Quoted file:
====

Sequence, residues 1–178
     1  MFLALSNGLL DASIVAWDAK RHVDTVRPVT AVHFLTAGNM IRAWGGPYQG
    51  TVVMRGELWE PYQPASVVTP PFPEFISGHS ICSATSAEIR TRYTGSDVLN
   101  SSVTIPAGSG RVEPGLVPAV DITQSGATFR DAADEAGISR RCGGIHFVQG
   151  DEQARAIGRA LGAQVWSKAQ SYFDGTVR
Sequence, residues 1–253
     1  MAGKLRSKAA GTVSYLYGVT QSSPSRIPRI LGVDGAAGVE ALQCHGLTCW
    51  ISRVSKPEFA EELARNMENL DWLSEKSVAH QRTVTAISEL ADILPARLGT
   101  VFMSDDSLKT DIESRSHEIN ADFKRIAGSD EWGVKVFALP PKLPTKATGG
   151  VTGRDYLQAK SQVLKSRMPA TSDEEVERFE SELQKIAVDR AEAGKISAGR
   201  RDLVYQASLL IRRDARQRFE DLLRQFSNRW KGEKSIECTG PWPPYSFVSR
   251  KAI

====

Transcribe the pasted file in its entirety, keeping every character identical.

Sequence, residues 1–178
     1  MFLALSNGLL DASIVAWDAK RHVDTVRPVT AVHFLTAGNM IRAWGGPYQG
    51  TVVMRGELWE PYQPASVVTP PFPEFISGHS ICSATSAEIR TRYTGSDVLN
   101  SSVTIPAGSG RVEPGLVPAV DITQSGATFR DAADEAGISR RCGGIHFVQG
   151  DEQARAIGRA LGAQVWSKAQ SYFDGTVR
Sequence, residues 1–253
     1  MAGKLRSKAA GTVSYLYGVT QSSPSRIPRI LGVDGAAGVE ALQCHGLTCW
    51  ISRVSKPEFA EELARNMENL DWLSEKSVAH QRTVTAISEL ADILPARLGT
   101  VFMSDDSLKT DIESRSHEIN ADFKRIAGSD EWGVKVFALP PKLPTKATGG
   151  VTGRDYLQAK SQVLKSRMPA TSDEEVERFE SELQKIAVDR AEAGKISAGR
   201  RDLVYQASLL IRRDARQRFE DLLRQFSNRW KGEKSIECTG PWPPYSFVSR
   251  KAI